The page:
How to Trim Your Tummy …
And Why You Should
Most people are now well aware of the health benefits of keeping their weight within a certain ideal range. This is conventionally measured by BMI, or body mass index, a standard for measuring your weight-to-height ratio. But here’s something you may not know …
Carrying extra weight around your middle may be increase your risk of heart disease, diabetes, cancer, dementia and more … even if you weight is otherwise healthy.
You may be carrying unhealthy excess pounds even if your BMI and weight are in the recommended ranges, and these pounds may be devastating to your health.
Waist Size, Not Just Weight, Important for Your Health
In order to get a thorough assessment of your health, it’s not as important to not only hop on the scale, as it is to measure your waist size.
In a study of more than 100,000 people aged 50 and older, those with the largest waistlines had about twice the risk of dying during the nine-year study period than those with the smallest waists. This was true even if their weight fell within a healthy BMI range.
For each 4-inch increase in waist size, there as a 25 percent greater risk of death, researchers found.
Other studies have also linked a large waist with:
- Diabetes and insulin resistance
- Heart disease
- Impaired lung function
- Sleep apnea
- Metabolic syndrome
- Early death
What Makes a Big Belly so Dangerous?
There are two types of fat: subcutaneous and visceral. Subcutaneous fat is the type found just underneath the skin, which may cause dimpling and cellulite. Visceral fat, on the other hand, is located in the abdomen and surrounding vital organs.
It can infiltrate the liver and other organs, streak through your muscles and even strangle your heart; and you can have it even if you appear to be thin. Visceral fat can also lead to chronic inflammation, which is a leading cause of many diseases, both physical and neurological, including heart disease, crohn’s disease, colitis and arthritis.
People with large bellies are at a higher risk of dangerous visceral fat.
What size belly is too big?
Public health authorities generally recommend women should keep their waistline circumference at 35 inches or less, and men should aim for 40 inches or less. However, some guidelines are more stringent. The study of 100,000 people noted above recommended keeping waistlines at less than 30 inches for women and less than 35 inches for men.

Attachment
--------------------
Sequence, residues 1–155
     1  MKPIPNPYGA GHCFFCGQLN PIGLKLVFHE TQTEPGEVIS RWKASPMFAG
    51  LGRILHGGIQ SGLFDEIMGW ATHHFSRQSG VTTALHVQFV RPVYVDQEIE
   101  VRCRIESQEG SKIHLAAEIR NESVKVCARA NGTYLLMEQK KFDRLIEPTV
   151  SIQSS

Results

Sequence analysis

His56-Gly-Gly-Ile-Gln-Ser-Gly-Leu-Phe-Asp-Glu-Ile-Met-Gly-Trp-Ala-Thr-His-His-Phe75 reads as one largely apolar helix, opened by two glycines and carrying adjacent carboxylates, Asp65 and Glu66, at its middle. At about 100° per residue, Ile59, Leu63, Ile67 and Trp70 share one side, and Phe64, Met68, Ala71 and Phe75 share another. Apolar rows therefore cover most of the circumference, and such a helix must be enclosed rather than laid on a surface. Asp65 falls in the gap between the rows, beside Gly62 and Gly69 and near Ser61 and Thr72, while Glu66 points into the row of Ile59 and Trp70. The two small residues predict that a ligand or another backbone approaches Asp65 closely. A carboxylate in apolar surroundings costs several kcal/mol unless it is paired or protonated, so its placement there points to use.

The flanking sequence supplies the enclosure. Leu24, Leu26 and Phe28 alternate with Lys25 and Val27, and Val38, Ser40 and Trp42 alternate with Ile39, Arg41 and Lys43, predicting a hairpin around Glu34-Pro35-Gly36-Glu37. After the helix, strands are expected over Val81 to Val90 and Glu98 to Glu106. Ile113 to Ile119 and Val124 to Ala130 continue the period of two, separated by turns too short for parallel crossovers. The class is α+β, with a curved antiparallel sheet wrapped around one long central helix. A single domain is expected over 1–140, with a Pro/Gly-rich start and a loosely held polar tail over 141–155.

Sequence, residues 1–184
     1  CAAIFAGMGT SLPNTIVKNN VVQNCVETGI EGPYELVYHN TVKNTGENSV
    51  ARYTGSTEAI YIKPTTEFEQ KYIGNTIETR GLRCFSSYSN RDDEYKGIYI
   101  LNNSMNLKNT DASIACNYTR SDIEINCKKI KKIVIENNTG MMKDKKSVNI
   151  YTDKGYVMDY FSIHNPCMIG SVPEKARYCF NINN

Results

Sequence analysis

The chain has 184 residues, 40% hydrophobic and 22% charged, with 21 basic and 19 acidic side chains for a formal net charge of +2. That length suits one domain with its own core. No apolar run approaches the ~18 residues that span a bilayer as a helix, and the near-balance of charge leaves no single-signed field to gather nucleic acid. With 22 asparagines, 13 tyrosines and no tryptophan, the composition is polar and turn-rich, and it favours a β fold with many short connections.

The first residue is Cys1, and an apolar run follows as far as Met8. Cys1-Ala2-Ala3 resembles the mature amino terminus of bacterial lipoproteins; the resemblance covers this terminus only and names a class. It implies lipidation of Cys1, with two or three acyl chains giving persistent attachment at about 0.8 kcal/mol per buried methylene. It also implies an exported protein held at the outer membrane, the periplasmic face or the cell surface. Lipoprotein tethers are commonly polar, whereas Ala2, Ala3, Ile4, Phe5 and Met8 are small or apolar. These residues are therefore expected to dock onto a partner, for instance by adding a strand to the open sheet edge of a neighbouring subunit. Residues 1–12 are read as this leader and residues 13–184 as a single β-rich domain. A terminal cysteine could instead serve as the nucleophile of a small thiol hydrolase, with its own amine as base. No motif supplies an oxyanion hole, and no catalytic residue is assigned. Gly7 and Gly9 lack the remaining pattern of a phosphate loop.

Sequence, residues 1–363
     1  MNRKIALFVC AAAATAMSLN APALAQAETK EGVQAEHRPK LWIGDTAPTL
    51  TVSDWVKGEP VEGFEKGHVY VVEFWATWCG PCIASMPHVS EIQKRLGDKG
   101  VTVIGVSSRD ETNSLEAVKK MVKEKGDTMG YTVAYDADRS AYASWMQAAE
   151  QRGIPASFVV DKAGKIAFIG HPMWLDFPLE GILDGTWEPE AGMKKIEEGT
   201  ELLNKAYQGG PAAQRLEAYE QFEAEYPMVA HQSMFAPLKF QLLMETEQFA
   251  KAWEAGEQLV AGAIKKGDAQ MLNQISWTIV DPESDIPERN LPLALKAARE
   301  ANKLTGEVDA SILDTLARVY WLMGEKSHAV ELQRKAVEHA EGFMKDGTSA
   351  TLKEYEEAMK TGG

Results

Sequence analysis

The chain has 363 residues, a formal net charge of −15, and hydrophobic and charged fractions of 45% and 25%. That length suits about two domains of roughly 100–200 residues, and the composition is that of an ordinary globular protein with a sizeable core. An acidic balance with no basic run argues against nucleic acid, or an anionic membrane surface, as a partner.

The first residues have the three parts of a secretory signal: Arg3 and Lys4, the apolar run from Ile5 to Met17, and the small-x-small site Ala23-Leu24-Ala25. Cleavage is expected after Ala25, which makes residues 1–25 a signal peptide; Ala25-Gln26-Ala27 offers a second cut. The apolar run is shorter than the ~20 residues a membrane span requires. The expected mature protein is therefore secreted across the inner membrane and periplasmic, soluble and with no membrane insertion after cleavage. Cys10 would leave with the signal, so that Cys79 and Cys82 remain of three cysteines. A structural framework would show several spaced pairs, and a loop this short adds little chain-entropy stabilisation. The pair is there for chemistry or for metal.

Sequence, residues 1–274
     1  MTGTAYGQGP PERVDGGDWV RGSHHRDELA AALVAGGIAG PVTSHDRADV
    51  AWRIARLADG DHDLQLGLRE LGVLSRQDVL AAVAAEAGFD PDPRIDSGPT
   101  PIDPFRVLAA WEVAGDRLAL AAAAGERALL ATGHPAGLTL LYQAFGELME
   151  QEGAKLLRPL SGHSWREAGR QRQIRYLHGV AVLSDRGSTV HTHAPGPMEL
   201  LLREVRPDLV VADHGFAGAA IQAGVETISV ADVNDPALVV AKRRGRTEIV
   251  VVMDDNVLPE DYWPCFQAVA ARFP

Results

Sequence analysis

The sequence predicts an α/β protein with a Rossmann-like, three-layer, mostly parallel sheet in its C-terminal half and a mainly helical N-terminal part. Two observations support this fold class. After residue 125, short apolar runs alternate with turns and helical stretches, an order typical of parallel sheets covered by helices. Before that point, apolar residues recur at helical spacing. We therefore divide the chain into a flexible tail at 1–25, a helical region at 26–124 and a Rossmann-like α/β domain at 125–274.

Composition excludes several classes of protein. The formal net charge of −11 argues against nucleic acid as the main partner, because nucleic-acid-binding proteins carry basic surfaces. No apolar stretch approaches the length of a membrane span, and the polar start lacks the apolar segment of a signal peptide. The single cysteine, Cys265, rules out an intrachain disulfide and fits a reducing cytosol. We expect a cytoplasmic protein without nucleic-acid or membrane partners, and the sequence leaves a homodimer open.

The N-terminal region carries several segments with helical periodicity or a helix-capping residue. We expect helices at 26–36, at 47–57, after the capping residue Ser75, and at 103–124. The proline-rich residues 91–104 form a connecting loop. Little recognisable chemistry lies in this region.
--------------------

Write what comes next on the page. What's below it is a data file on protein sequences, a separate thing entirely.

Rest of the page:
You’ll need a tape measure to find out yours for sure, using your natural waist, above your hipbone as the measuring spot. Do not rely on your pants’ waist size as a reliable indicator as many are not true to size. For instance, Esquire magazine measured a variety of pants in size 36 and found they measured anywhere from 37-41 inches.
Measuring your belly can give you important clues about your health. For men, your waist should be 40 inches or less, for women 35 inches or less.
How to Trim Your Tummy
Losing weight specifically in one area of your body can be a challenge, as we all know that weight will fall off (and stick to) wherever it pleases. However, following a healthy diet, one with a wide variety of vegetables and fresh, unprocessed foods, and limited empty calories and processed carbs is always a good idea for your health and your weight.
Just make sure you stick to this healthy diet as part of your lifestyle, not a “crash” diet, as studies suggest that “yo-yo” dieting (constantly losing, then regaining, weight) may encourage visceral fat.
Outside of a healthy diet, there are two major strategies that can target your tummy fat specifically …
A study by Duke University Medical Center researchers found that people who were physically inactive had significant increases in visceral fat, while those who exercised frequently had significant decreases in visceral fat, over an eight-month period. The study found:
- Those who did not exercise had an 8.6 percent increase in visceral fat.
- Those who exercised the highest amount (17 miles of jogging per week) had an 8.1 percent decrease in visceral fat.
- Those who exercised a low amount (11 miles of jogging each week) did not significantly increase or decrease visceral fat.
Just a brisk 30-minute walk six times a week was enough to prevent accumulation of visceral fat, while even more exercise was found to actually reverse the amount of visceral fat.
So be sure you are exercising regularly, using a variety of exercise approaches including aerobic, strength-training, stretching and more.
- Stress Relief
Stress hormones can actually encourage your body to produce visceral fat, so reducing stress as much as possible is an important strategy. Try listening to soft, soothing music; it’s is one of the fastest ways to alter your mood and put your mind in a more relaxed state.
Using meditations regularly will help you to live in a more relaxed way and you’ll notice that when you begin to feel stressed, you’ll be able to relax more easily than before.
When you sleep, the stress hormone cortisol is also lowered, but when you are sleep deprived, cortisol levels rise. For this reason, getting a good night’s sleep is also an important method for keeping away dangerous belly fat.
As your belly fat gets under control your may want to work on strengthening your abdominal muscles to show off your new six-pack.
Binge drinking (drinking more than eight units of alcohol on at least one day in the week for men, and six units for women) may lead to or have already resulted in a beer belly.
Drinking four 8-ounce or more glasses of water a day along with a half-hour to an hour of daily exercise can and often does reduce and progressively eliminate a beer belly.
Take both vigilance and dedication. The latter will save most from an early demise.